10 RagingTartabull   ~  Apr 29, 2009 7:49 am

The bar uses an applause meter. That is why it is so important that you all come and applaud only for my band, Scrantonicity 2, not Scrantonicity...which I am no longer a part of.

11 Just Fair   ~  Apr 29, 2009 8:03 am

Hughes was great and he did appear more girthy (made up). Now Joba has 4 workable pitches, he simply needs to be more aggresive. I know that the 2 are completely different, but many are alarmed that Joba's mph is down. If Hughes can baffle batters at 93, so can Joba. I don't want to believe the hut is hurt, I like to think he's just confused.

12 The Hawk   ~  Apr 29, 2009 8:05 am

[9] Maybe I'm pessimistic but I think that train has already left the station. Chamberlain seems to be quite ordinary as a starter. When he was in the pen, it was high impact, psychologically. There's nothing intimidating or electric about him right now.

Of course he may have lost it in general; if they put him back in the pen and he can't blow people away, it would be very sad indeed.

13 ny2ca2dc   ~  Apr 29, 2009 8:56 am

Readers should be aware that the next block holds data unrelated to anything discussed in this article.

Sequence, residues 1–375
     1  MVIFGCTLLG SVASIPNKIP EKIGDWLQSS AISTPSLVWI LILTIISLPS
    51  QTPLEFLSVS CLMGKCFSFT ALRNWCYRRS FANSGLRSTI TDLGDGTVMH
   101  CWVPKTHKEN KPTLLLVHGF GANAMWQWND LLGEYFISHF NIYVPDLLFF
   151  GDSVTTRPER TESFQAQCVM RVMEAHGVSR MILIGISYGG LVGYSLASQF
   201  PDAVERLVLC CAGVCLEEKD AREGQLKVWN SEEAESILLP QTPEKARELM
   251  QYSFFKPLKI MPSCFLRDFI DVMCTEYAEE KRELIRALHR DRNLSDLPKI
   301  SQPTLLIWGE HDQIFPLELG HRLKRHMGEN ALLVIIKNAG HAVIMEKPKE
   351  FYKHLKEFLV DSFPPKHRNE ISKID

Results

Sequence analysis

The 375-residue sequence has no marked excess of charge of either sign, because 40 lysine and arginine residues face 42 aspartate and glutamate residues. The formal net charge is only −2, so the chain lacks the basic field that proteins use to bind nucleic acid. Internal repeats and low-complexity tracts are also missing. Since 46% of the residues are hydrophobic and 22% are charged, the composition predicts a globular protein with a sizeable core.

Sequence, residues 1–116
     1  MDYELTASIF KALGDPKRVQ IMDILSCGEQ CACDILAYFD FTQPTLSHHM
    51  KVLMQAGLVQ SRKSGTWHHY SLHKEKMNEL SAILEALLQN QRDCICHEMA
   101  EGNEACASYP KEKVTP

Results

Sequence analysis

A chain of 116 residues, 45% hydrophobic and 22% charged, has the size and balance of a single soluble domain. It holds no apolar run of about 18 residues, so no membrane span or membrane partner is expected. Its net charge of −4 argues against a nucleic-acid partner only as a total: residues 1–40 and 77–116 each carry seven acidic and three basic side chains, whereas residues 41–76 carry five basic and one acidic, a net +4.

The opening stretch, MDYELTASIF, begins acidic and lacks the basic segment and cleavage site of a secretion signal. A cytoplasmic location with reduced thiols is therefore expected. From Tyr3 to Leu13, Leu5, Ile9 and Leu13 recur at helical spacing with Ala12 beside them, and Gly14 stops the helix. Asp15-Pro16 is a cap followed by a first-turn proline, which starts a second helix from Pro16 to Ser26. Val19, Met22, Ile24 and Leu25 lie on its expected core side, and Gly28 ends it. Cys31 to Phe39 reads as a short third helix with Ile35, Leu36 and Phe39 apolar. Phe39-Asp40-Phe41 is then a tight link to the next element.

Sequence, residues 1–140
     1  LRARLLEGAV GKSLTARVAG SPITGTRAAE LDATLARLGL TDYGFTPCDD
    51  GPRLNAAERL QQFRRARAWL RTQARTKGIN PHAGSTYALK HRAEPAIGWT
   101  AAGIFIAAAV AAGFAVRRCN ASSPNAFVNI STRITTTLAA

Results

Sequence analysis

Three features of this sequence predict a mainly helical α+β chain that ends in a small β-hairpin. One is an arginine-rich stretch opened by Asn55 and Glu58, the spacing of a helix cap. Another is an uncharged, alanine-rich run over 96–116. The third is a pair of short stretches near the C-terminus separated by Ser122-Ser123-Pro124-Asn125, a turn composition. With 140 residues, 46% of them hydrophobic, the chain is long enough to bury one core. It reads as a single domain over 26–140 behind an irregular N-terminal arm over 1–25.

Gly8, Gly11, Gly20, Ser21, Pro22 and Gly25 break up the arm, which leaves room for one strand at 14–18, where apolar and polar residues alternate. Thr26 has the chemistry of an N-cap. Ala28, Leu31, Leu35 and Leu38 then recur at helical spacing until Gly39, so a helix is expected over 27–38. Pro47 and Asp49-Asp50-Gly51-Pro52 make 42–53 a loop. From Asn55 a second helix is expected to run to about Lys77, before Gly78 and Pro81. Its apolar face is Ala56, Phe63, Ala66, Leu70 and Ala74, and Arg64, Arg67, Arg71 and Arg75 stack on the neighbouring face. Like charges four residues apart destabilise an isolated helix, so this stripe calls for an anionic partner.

What an amazing game. I was flipping out about that curve to Polanco - I did call my wife into the room and make her watch the replay. She wasn't as ecstatic as I was, but pretty impressed.

I'm not concerned with Joba's velocity just yet, he's still building arm strength. I would really like some semblance of command to return to him though. I don't think starter/reliever would make a difference, as it's not that he's losing velo/command over the course of the night - he just hasn't found it yet. Hell, even CC doesn't have his best command yet. Regardless, I would want to see a full season of Joba the starter before talking about sending him to the BP. If Joba's still not right when Wang is ready to come back and Phil is still pitching well, I'd rather send Joba to the minors to get right than the pen.

14 knuckles   ~  Apr 29, 2009 9:13 am

That hook to Polanco was Philthy.
I tried to log on to the Banter to see everyone's reaction but my Comcast connection wasn't having it.
Might have to go check the game thread to relive that one now...

15 Bum Rush   ~  Apr 29, 2009 9:26 am

If I was good with photoshop I'd mock up up a Shepard Fairey version of Hughes and Hope underneath. If these first few weeks means Hughes and Melancon for the rest of the year, sign me up.